Released April 2008
Big Finish has done well in introducing both recurring characters and companions, and Thomas Brewster- an orphan whose mother drowned- is the latest to join that list. He holds quite an interesting past, educated by the church but then becoming a small-time criminal in a group that routinely scours the Thames for anything valuable. Yet the continued appearance of a blue police box as well as of a ghostly vision of his mother who requires a piece of advanced technology to help bring her back from the bed suggest something wholly more intriguing for the character.
In a unique device for Big Finish, Thomas Brewster as a character is allowed time to assert himself by employing first-person narration, allowing audiences to understand just how he fits into the Victorian world as a lower-class citizen. Brief vignettes of Brewster’s life are attained as well- first various family members explaining why they cannot possibly foster him after his mother’s death and his uncle forcing him to look at the corpse, then a harsh schoolmaster who suffered not even the smallest mistake, and then being handed over to the lowlife rivermaster looking for any means of profit possible- as he is constantly visited by his mother’s apparition begging him to help her return. As he finally gets a chance to get close to her on the Thames, a horrifically simplistic cliffhanger results that effectively leaves much to the imagination of the listener. John Pickard is suitably engaging as Brewster, channeling a Dickensian feel and bringing across a strong devotion to the mother he wants to get to know, but there is still ample room for further characterization in the return appearance that is teased at this story’s end.
Meanwhile, the Fifth Doctor and Nyssa encounter a time breach that drains the TARDIS of its power, a spectral figure separating Nyssa from the Doctor and sending her to London in 1867. The Doctor has spent the past year posing as a scientist and teaching at the Royal Society, waiting for Nyssa to appear and gathering equipment to repair the TARDIS. Word has been spreading about a series of local break-ins where items of scientific import have been stolen rather than more classically valuable items, and Thomas Brewster soon enters their lives. As Brewster completes his machine, though, it’s not his mother that comes through to this world but rather a dense collection of a gaseous race that can instantly suffocate anyone within its reach. These creatures are the masters of a possible future Earth- albeit one with an incredibly slim chance of actually becoming the dominant one- and they are trying to increase the probability of their survival by creating a time corridor to Brewster’s era and imposing their will and existence much earlier temporally than would normally have happened.
Peter Davison and Sarah Sutton are both given a lot to do, and both rise to the occasion spectacularly. Davison, in particular, portrays a very confident Time Lord who is very much in his element dealing with the time travel component of the story, constantly modifying his plan to ensure that the gaseous race does not overtake Brewster’s time. He plays the role of puppeteer behind the scene all too well, ensuring the TARDIS shows up where it needs to in order to stabilize the true timeline even despite Brewster’s aptitude at stealing it. Stories like these all too often rely on a plot contrivance to resolve the overall issue, but the resolution here is fully earned and incredibly satisfying thanks to the Doctor’s steadfast work. Nyssa, likewise, is afforded a great opportunity to show her scientific side as well, handling The Bootstrap Paradox quite well and taking on the role of a mentor along the way. This is also a story that references Nyssa’s loss of her father, directly contrasting her own reaction to Brewster’s and allowing some deeper insight into both characters along the way.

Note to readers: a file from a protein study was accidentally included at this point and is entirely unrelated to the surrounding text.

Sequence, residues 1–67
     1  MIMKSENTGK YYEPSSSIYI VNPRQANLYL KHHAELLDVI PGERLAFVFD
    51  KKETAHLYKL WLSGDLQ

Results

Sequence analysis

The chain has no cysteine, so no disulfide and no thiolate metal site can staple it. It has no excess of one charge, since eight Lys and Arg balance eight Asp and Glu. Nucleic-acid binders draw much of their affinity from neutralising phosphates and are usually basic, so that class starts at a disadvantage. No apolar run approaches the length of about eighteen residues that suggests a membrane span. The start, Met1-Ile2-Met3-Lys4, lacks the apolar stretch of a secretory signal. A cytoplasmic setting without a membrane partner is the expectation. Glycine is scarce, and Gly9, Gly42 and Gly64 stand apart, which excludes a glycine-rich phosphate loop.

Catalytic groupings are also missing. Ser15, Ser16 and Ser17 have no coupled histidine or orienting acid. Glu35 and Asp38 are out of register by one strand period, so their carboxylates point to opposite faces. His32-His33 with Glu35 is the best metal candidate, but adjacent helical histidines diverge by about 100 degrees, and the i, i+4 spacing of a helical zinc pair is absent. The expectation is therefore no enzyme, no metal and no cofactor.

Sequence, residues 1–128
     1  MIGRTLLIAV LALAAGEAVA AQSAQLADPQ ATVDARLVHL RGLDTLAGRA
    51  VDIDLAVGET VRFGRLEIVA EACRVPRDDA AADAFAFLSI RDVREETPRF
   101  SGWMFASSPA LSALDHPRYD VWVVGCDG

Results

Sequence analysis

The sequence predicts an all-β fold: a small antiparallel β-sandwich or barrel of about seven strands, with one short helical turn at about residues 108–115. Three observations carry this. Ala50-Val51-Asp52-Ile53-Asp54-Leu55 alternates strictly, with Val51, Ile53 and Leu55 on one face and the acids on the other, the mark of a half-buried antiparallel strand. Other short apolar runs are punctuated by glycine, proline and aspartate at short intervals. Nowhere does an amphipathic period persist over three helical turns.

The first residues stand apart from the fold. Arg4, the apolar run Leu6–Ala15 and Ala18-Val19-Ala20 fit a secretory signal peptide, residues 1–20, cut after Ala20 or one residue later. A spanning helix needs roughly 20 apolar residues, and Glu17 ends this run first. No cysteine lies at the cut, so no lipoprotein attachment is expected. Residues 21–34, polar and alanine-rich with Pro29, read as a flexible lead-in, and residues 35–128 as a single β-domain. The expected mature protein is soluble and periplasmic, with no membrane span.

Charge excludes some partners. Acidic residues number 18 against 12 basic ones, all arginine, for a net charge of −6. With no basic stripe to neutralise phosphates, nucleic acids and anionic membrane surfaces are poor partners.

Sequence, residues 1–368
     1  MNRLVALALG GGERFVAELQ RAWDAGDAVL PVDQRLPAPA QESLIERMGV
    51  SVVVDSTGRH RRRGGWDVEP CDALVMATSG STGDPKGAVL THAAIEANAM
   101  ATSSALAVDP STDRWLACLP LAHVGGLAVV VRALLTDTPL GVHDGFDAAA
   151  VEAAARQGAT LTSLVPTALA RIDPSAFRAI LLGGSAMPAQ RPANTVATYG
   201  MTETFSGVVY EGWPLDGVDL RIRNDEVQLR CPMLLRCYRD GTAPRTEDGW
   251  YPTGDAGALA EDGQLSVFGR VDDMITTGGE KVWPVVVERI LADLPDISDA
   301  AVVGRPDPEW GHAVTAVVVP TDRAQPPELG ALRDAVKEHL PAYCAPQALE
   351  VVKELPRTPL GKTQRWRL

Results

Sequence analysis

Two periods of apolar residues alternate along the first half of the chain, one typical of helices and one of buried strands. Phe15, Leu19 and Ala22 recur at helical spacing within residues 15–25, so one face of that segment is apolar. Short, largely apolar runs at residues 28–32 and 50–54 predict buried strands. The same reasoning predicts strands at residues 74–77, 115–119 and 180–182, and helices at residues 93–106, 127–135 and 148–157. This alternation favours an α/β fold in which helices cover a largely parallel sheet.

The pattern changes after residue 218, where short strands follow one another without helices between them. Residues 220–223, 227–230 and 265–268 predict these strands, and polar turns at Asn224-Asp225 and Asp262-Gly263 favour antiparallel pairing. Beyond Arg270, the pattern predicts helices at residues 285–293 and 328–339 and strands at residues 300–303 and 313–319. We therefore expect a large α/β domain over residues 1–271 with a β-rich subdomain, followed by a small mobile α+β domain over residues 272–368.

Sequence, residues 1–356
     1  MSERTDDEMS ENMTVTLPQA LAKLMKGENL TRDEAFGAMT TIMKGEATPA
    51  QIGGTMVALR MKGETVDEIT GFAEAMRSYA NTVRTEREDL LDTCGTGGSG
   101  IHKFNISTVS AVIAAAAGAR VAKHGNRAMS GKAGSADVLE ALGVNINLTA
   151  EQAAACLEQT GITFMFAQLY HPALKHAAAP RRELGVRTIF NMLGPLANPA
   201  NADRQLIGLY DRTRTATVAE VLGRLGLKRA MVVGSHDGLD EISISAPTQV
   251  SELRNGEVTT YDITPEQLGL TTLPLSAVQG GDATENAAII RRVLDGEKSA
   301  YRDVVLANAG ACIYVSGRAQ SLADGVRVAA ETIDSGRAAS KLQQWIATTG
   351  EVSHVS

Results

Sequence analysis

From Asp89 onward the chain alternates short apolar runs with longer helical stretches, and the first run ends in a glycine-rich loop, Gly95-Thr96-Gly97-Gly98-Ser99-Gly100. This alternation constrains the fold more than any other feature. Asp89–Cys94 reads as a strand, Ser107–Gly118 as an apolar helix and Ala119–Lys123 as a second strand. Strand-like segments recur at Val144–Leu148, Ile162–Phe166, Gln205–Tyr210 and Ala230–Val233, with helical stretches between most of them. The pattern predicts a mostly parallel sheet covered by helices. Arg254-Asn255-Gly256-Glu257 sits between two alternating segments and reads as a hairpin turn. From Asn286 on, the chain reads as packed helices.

Yet for such an intriguing story, it feels as through Brewster’s mother should have been more involved beyond just being the focal point for the gaseous creatures. Sadly, she just never comes off as the more important character she is clearly intended to be. That is somewhat of a recurring theme in ‘The Haunting of Thomas Brewster,’ though, as none of the secondary characters are really fleshed out beyond typical Victorian clichés. Christian Coulson’s Robert McIntosh, the Doctor’s assistant at the Royal Society, at the very least offers a grounded response of anger as he realizes that he is out of a job once the Doctor’s true identity is revealed, but otherwise nobody really stands out at all.
In the end, this is an appropriately fitting introduction to the character of Thomas Brewster, who in his own way offers a unique contrast to Big Finish’s own higher-class historical Charlotte Pollard, and it certainly whets the appetite for further adventures with him. The gaseous creatures and secondary cast may not have the best characterization, but the atmospheric plot and strong lead performances absolutely create a memorable experience.